While the pandemic was a human tragedy, it did Digital Turbine (NASDAQ:APPS) stock a world of good. The company has been around for a while, without much fanfare. Then in 2020 suddenly things exploded to extreme levels, especially on Wall Street. After May of that year, APPS stock rallied non-stop 1,700%. This is rarely a good idea regardless of how big the improvement to a business may be.
In this case sales did soar, but not at the same rate. Management grew revenues 126% over 2019, which is not even close in pace with the stock price. Moreover, revenues were already up 34%, 39% and 86% sequentially stronger prior.
My point is that things did not get as good as 1,700% worth, so expectations for APPS stock grew too tall. Therefore, it’s not a surprise to see it give back a lot of the rally. The bulls did mount a comeback one more time last October. The end result is that now APPS stock is 55% off the highs, but it’s still not one for me.
APPS Stock Has Potential
I am uncomfortable committing risk when it is still almost 400% above the pre-pandemic breakout. Compare this with many stocks with much better financial metrics that dwarf Digital Turbine’s. Consider for example, companies like Meta Platforms (NASDAQ:FB) and Netflix (NASDAQ:NFLX).
I still want to give APPS credit for its strategic moves, as the current digital add market fits its mission. So, like Roku (NASDAQ:ROKU), it was an early mover that has a nice runway ahead.
When I say that it is not for me, it is a risk-to-reward preference. For the right investor it could fit like a glove. APPS carries a very modest price-to-sales metric, so there isn’t obvious bloat. There are critics of its most recent drop in margins, but they are wrong to focus on that now. My issue is more a matter of the stock’s altitude amid the current geopolitical risks. I would much rather buy into a name like Block (NYSE:SQ), which fell into the actual breakout.
I am leery of the exuberance that is still in APPS stock, not so much its business. The business is right in the thick of popular trends: Content creation, delivery and proliferation is a ubiquitous need this decade. This is where everything is going and Digital Turbine covers the important categories.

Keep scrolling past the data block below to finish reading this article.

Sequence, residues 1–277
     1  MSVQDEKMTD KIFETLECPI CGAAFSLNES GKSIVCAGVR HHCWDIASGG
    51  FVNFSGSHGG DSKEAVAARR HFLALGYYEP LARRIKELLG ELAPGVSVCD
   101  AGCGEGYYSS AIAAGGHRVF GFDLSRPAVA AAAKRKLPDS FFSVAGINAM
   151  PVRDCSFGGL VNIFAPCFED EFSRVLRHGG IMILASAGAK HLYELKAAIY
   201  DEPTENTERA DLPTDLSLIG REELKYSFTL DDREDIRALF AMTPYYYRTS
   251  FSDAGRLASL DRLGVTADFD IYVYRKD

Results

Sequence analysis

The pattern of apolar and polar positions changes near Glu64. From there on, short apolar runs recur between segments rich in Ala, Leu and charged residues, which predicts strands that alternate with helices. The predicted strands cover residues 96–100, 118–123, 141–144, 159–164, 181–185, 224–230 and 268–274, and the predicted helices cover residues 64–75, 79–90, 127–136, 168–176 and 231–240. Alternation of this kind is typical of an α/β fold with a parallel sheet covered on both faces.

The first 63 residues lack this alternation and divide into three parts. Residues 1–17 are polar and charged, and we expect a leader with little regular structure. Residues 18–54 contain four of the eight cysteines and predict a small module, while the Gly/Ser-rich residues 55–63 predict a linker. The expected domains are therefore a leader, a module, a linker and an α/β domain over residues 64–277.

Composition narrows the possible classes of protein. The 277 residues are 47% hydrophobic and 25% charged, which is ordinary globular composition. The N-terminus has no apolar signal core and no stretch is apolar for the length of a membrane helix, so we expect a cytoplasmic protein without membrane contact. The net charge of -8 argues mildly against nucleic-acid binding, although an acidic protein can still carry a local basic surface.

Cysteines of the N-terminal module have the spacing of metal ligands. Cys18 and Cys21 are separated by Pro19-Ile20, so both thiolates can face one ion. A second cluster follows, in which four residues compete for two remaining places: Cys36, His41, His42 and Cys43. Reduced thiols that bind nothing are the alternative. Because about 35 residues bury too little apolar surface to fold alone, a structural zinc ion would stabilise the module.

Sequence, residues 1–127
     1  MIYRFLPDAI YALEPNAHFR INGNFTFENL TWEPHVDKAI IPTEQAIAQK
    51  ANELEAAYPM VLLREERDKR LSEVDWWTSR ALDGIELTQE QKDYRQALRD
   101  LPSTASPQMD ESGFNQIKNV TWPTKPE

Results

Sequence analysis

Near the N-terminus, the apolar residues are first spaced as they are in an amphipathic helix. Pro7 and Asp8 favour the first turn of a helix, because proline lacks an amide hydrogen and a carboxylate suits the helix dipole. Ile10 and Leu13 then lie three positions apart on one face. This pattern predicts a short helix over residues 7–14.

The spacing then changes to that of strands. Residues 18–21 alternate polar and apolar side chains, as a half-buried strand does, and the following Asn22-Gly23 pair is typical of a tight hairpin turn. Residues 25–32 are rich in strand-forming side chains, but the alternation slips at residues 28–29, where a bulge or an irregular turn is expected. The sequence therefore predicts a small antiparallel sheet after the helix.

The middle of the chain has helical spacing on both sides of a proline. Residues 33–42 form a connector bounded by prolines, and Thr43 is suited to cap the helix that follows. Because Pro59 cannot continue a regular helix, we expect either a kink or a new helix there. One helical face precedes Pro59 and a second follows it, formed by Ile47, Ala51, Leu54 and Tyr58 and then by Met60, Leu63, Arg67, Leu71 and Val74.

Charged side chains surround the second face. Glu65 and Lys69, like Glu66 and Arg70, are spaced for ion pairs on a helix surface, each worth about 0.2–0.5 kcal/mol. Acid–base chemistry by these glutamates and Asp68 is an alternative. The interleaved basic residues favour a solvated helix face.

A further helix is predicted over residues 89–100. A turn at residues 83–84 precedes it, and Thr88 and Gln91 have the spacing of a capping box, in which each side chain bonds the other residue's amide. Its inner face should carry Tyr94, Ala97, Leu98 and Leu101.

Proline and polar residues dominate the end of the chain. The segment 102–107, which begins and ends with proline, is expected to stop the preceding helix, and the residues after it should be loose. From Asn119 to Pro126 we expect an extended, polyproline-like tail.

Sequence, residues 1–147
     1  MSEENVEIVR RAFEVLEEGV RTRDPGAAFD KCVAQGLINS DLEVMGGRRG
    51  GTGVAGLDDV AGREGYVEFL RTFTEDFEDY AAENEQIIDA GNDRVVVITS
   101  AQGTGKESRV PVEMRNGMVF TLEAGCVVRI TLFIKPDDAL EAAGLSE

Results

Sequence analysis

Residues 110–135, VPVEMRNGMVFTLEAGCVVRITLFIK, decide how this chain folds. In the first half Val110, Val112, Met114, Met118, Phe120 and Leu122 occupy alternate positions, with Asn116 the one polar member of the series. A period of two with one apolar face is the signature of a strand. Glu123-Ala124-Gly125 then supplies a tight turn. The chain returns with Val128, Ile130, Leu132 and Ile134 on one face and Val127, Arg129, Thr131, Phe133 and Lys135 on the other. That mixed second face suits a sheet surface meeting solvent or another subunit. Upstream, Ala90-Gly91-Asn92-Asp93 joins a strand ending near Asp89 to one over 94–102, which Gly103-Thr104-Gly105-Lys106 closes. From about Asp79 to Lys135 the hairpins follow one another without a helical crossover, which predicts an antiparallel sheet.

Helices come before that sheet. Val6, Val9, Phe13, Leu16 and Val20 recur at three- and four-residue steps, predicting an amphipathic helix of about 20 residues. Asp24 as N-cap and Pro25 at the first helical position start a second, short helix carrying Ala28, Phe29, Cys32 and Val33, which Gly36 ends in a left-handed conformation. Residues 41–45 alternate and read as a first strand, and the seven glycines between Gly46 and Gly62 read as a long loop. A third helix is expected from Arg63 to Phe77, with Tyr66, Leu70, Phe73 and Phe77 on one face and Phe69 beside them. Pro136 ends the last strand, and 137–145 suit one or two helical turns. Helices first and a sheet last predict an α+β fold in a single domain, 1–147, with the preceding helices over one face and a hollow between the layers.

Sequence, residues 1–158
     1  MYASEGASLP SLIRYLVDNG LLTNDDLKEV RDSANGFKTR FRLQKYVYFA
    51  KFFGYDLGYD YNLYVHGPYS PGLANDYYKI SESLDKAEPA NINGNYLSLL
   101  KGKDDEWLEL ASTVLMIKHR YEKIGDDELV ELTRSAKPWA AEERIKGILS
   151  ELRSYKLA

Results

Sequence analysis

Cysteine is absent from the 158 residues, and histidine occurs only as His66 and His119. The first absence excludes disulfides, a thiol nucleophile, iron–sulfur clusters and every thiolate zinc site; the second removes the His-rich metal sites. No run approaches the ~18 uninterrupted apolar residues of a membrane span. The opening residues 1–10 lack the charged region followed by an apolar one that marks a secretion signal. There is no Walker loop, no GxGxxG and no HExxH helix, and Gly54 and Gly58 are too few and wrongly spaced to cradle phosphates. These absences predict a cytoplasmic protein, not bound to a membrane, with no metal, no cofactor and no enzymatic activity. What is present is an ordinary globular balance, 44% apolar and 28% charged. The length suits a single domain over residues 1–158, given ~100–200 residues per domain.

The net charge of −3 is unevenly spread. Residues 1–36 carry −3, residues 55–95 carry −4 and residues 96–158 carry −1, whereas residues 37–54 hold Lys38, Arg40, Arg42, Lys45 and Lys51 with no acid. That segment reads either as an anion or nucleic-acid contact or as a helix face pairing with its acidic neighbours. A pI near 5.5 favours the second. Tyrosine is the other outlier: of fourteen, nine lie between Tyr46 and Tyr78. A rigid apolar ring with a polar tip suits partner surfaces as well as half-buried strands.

I may grow to like Digital Turbine’s stock later this year, as management continues to improve. But under these uncertain conditions, I prefer more solid companies. Meanwhile, I still acknowledge that APPS is a momentum stock worth trading.
Digital Turbine Is Exciting to Trade
The charts show that there are buyers lurking below. Therefore, it is likely to rally in the short term, as long as the price stays above $36 per share. Losing that level could bring about a bit of a tizzy to the next support level near $28. Conversely, there will be tremendous resistance in trying to breach above $56 per share.
Yesterday started out as a tough day on Wall Street, but APPS managed to flip the script and close up more than 10%. It would be interesting to see how sustainable that is, as the stock attacks the fail point from Feb. 8. That chart candle looks like an epic fail and it will take a lot of bullish strength to reclaim it. If and when it does, the bulls could have tougher tests near $63 and $70 per share.
The short-term range is wide and this is a fast moving stock. From an investment perspective and just by looking at the 12-month chart it looks close to a bottom. However, I charted a weekly time frame for you to show a much wider range. Using this approach, the potential downside reveals itself and is a bit more scary.
I’m not saying to short the stock, but I am raising some caution. Keep in mind that Digital Turbine stock does not trade in a vacuum. If this global confrontation between Russia and the world escalates, there might be more pain in the indices. And if that happens, APPS stock will lose footing along with the rest. It cannot rally alone regardless of how good a story it has to tell.
On the date of publication, Nicolas Chahine did not have (either directly or indirectly) any positions in the securities mentioned in this article. The opinions expressed in this article are those of the writer, subject to the InvestorPlace.com Publishing Guidelines.
Nicolas Chahine is the managing director of SellSpreads.com.